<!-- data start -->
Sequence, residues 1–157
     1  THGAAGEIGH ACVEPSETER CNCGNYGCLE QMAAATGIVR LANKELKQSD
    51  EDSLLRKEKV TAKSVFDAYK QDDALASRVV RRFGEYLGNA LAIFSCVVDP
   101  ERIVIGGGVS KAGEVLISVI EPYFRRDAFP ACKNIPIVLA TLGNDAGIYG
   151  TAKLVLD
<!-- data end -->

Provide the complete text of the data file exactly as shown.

Sequence, residues 1–157
     1  THGAAGEIGH ACVEPSETER CNCGNYGCLE QMAAATGIVR LANKELKQSD
    51  EDSLLRKEKV TAKSVFDAYK QDDALASRVV RRFGEYLGNA LAIFSCVVDP
   101  ERIVIGGGVS KAGEVLISVI EPYFRRDAFP ACKNIPIVLA TLGNDAGIYG
   151  TAKLVLD